White Privilege and Denominational Choice (a partial response to Bishop-Elect Sumner, Fr. Hylden, and Fr. Voets)


Over the last few days, I have observed many within in the Episcopal Church (hereafter TEC) rightly praise the recent entry in the Living Church Covenant blog by Bishop-elect Sumner. My own alma mater, the Nashotah House, distributed it to a list that I assume included all its current and former students. If my read of the positive response is correct, many view his proposal as viable path forward for traditionalists in TEC. What follows is an attempt to think through the implications of his proposal for a group that rarely enters these discussions: ethnic minorities who hold a traditional perspective on human sexuality. I do not speak for all minorities in what follows. These thoughts are my own.

While I found much to praise in the piece, especially its clarity of thought and irenic defense of orthodoxy, I also felt a sense of discomfort. Because the idea of white privilege causes some of my brothers and sisters to experience a discomfort of their own, let me be clear about what I am not saying. I am not asserting that the bishop elect’s article was racist. God forbid! Bishop-elect Sumner appears to be a godly and wise leader who will serve the body of Christ well. I am stating the obvious fact that our life experiences influence the way that we view the world and they shape how we respond to the problems that plague society and the church. Solutions that may seem viable to one group (white traditionalists in TEC) may place burdens on others (black traditionalists in that same church) that the author may not have considered. I believe that failure is rooted in the privilege of not having to consider such problems. For example, many blacks weary of telling their white colleagues that the statement “I do not see color” embodies a privilege that blacks cannot afford.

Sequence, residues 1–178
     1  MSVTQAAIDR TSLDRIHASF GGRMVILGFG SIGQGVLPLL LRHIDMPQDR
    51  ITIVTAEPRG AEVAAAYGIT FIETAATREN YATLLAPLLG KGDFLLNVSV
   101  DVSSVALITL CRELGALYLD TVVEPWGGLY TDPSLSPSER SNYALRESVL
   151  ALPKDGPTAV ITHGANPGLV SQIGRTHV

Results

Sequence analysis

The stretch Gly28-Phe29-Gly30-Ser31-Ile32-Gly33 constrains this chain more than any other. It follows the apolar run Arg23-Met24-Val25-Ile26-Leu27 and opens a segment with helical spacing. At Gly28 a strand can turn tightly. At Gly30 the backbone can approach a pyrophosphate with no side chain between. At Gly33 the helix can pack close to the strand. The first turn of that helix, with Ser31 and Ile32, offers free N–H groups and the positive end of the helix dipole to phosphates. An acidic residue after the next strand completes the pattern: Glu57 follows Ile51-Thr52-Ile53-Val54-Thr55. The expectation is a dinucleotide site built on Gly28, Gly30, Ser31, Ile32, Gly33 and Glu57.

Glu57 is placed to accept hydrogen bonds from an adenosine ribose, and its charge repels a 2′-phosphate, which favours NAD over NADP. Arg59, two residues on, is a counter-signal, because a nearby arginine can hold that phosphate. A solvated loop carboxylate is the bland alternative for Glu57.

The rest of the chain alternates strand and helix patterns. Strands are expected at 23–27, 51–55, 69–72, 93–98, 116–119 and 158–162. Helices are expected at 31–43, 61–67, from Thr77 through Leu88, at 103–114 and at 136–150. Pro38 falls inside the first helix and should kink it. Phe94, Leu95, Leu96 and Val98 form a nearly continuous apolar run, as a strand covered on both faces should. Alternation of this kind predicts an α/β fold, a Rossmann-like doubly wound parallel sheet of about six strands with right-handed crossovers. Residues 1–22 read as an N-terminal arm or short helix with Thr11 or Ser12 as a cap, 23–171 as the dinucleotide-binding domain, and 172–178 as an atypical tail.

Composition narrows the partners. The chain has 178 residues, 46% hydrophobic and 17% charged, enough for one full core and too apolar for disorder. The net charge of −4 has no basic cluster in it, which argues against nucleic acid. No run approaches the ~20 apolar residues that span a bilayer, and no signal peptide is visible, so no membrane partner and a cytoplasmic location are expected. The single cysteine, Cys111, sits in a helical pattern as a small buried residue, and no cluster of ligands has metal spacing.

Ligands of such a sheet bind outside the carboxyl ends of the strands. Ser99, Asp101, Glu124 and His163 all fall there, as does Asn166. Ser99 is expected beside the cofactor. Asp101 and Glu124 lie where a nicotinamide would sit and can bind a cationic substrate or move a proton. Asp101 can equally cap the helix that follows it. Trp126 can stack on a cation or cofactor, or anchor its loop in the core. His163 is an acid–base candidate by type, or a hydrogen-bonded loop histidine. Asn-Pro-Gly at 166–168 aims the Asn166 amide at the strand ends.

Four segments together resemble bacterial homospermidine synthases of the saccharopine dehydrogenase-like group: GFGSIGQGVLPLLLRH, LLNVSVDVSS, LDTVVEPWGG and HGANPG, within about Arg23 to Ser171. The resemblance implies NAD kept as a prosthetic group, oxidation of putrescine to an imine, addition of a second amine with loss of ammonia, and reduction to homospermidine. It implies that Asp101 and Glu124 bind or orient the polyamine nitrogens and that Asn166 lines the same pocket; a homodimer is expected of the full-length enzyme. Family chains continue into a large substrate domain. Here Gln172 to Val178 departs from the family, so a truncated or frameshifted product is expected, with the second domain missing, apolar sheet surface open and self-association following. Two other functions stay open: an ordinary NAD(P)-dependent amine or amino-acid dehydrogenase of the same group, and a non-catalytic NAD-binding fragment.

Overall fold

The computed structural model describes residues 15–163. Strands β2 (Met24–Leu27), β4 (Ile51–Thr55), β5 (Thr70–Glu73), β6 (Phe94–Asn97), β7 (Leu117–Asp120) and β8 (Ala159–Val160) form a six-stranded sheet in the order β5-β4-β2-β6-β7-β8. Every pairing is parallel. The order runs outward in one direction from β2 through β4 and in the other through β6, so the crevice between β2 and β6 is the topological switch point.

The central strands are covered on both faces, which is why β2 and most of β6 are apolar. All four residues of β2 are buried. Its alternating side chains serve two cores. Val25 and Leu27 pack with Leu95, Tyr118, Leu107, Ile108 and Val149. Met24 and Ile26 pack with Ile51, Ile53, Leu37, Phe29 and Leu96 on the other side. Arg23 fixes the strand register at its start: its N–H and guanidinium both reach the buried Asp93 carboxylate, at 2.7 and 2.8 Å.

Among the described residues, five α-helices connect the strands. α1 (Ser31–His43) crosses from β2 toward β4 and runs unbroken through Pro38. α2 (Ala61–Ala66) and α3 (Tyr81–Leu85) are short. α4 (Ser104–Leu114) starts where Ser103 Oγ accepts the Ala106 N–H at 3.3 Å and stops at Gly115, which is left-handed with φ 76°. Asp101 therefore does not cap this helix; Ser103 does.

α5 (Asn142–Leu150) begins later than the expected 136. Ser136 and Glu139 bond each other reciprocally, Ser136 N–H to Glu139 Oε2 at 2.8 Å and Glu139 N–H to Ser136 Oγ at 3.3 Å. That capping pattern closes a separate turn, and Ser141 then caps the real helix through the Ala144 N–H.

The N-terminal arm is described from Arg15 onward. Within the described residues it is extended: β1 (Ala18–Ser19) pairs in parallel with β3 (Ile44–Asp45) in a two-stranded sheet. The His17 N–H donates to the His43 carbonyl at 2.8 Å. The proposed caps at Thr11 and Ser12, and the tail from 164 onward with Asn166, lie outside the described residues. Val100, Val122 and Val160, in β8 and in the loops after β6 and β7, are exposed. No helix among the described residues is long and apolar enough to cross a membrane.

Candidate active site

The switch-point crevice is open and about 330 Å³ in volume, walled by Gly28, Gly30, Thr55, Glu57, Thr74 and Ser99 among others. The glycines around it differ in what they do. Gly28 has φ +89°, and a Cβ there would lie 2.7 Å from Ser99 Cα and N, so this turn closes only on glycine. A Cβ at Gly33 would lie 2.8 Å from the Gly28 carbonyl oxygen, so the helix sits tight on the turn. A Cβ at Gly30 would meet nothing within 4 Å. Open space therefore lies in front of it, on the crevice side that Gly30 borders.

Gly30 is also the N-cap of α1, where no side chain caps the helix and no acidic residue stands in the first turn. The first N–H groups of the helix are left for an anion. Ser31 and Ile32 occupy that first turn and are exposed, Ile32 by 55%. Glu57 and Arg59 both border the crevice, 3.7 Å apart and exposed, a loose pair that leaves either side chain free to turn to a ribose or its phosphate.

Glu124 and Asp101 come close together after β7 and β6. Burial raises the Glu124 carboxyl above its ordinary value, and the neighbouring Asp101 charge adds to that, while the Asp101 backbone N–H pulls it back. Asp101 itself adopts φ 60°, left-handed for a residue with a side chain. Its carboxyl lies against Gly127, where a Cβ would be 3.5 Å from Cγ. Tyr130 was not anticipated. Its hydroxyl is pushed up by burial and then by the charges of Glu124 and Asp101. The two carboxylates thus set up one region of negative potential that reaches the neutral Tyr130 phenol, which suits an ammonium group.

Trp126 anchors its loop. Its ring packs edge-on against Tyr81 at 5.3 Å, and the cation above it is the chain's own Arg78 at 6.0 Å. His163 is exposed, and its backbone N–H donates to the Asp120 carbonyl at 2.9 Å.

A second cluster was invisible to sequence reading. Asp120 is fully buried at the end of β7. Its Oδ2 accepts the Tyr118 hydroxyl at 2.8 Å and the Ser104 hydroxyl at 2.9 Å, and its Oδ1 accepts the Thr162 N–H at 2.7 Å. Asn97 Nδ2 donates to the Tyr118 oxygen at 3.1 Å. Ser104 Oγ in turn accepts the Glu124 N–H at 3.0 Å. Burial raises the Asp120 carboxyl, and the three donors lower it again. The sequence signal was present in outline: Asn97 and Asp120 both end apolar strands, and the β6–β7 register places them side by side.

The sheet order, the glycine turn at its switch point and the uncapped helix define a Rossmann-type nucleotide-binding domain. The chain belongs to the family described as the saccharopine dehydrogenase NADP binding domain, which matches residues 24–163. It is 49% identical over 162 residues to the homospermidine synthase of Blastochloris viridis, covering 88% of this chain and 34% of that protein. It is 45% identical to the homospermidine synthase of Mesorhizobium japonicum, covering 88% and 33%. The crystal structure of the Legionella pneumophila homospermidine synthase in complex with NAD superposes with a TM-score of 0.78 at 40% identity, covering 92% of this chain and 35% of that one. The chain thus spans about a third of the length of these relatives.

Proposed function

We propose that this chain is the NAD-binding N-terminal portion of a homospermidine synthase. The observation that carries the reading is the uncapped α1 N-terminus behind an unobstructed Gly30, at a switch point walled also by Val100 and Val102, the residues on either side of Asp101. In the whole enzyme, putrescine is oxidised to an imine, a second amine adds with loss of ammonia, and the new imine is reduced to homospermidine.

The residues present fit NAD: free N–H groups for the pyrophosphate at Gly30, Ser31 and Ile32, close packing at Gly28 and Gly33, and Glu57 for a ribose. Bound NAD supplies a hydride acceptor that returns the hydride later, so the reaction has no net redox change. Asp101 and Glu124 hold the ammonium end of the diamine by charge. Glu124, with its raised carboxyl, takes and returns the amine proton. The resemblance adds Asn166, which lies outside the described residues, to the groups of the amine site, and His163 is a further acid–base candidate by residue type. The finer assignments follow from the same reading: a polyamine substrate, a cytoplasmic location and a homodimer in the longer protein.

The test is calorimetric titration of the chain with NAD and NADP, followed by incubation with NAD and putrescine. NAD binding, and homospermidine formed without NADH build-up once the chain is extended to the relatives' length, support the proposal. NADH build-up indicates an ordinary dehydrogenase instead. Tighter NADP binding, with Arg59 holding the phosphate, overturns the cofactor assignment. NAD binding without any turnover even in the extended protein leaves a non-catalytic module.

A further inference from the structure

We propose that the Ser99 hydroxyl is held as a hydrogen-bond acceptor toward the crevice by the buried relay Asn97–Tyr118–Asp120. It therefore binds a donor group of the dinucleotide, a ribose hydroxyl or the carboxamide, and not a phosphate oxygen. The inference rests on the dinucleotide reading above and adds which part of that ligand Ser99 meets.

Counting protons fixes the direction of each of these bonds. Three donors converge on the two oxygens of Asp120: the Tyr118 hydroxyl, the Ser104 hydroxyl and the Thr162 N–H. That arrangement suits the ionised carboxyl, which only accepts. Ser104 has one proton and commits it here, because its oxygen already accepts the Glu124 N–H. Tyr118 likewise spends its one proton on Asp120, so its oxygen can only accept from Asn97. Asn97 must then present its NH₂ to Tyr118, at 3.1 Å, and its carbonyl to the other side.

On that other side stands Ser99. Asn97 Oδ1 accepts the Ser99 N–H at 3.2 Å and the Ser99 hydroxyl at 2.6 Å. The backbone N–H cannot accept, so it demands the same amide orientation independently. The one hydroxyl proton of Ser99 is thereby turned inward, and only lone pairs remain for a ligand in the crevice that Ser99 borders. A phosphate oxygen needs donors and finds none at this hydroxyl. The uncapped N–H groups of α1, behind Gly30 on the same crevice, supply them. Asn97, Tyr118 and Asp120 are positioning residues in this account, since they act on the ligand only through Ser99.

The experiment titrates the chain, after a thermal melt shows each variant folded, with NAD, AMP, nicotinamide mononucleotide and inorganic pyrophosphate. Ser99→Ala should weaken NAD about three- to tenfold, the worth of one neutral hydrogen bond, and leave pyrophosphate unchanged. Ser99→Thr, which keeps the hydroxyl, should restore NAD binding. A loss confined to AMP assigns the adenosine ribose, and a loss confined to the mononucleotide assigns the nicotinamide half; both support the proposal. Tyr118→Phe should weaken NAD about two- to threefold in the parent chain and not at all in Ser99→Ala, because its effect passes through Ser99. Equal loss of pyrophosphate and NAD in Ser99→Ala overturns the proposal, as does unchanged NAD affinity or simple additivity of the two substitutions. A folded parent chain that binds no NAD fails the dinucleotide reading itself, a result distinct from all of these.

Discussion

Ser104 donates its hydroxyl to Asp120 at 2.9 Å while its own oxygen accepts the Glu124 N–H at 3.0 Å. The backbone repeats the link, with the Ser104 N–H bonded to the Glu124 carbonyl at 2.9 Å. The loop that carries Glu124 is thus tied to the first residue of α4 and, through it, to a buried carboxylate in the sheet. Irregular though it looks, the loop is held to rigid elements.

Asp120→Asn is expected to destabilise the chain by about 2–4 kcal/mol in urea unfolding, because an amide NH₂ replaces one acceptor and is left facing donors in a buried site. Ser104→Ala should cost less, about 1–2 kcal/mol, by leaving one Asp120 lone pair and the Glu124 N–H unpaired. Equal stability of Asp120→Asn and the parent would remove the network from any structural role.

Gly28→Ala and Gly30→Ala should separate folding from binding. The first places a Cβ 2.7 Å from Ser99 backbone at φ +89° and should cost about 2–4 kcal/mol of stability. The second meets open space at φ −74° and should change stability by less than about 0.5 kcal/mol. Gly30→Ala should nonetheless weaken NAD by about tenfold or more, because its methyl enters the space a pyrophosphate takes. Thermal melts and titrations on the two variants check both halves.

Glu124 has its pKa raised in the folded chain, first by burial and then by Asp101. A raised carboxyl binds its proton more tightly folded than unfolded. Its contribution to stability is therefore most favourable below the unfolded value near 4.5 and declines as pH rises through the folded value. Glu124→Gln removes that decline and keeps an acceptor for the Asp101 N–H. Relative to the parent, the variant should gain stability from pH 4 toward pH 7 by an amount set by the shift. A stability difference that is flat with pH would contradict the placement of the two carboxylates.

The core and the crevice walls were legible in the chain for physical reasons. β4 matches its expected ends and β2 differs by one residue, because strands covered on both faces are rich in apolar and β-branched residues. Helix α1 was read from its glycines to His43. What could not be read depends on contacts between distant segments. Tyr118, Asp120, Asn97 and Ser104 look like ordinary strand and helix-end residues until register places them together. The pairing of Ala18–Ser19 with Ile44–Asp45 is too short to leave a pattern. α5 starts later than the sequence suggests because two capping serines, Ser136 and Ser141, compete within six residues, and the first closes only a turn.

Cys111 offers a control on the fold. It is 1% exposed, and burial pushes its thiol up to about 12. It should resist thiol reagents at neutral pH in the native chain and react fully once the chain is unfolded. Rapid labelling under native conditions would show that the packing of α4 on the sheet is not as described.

If I understand him correctly, Bishop-elect Sumner speaks to two audiences. He wants to help conservatives understand their place in the church. They are theological minorities. Second, he wants to help progressives find a way, from within their own tradition, to embrace the minority status of conservatives. His article definitely does more than this, but this is the part I want to engage. How does the proposal offered by Bishop-elect Sumner that  traditionalists should embrace the role of a theological minority (in exile no less) and lean on progressive theology’s own value of diversity, as evinced in the work of F.D. Maurice, sound to a black traditionalist? For this one, it is daunting for a variety of reasons.

First despite the theological divide that exists in the Episcopal Church, it is relatively culturally cohesive. It is largely upper-middle-class, Caucasian, and politically left-leaning. Thus, while the white conservative in TEC may be theologically alienated from the majority of the church, social life is not always a challenge. Many Episcopalians went to the same colleges and seminaries. They can enjoy NPR together. There is a certain overlap in tastes of music, film, and food. These may seem to be small matters, but sermon topics, illustrations, movie references, and small talk emerge from a cultural milieu that determine the feel of a local congregation. Most of these congregations feel alienating to minorities, as the attendance sheets will tell you.

I speak in generalities, but I take it that the point was made. This similarity can also be seen in an image from a different article on the future of conservatives in TEC. Speaking about a white conservative and a white progressive it said, “We find ourselves on opposite sides of this painful division. We are near the beginning of our careers in ministry, it is possible that decades from now we will still disagree, perhaps arguing in some retirement home for curmudgeonly priests.” I could not help but think who else will be at this retirement home? Will there be any black people there? Any Hispanics? What will we talk about? What music will be played in the background? What will be the rules for spades? For the African-American coming from a culturally African-American setting, the social adjustment required merely to function in TEC cannot be overstated.  Thus for the African-American traditionalist they are not only being asked to adopt a minority position within a dominant culture, they are being asked to further alienate themselves in a culture that may already be strange. They are asked to become theological and cultural minorities. How are they to make a wholesome appeal for other minorities to join this tradition under these circumstances?